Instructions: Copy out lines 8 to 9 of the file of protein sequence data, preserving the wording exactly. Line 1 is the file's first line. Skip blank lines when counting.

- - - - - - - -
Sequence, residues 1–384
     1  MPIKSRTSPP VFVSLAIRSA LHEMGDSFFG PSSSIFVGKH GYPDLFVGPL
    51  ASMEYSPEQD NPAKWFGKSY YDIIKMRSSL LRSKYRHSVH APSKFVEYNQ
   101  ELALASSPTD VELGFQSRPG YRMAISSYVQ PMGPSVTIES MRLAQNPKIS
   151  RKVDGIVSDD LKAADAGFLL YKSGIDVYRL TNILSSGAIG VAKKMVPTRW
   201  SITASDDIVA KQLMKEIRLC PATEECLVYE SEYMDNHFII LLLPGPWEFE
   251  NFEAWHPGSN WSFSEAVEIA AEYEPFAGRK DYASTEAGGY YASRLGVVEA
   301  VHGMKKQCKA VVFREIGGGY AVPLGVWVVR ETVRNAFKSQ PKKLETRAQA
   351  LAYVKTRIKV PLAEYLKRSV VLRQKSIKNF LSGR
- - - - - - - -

   301  VHGMKKQCKA VVFREIGGGY AVPLGVWVVR ETVRNAFKSQ PKKLETRAQA
   351  LAYVKTRIKV PLAEYLKRSV VLRQKSIKNF LSGR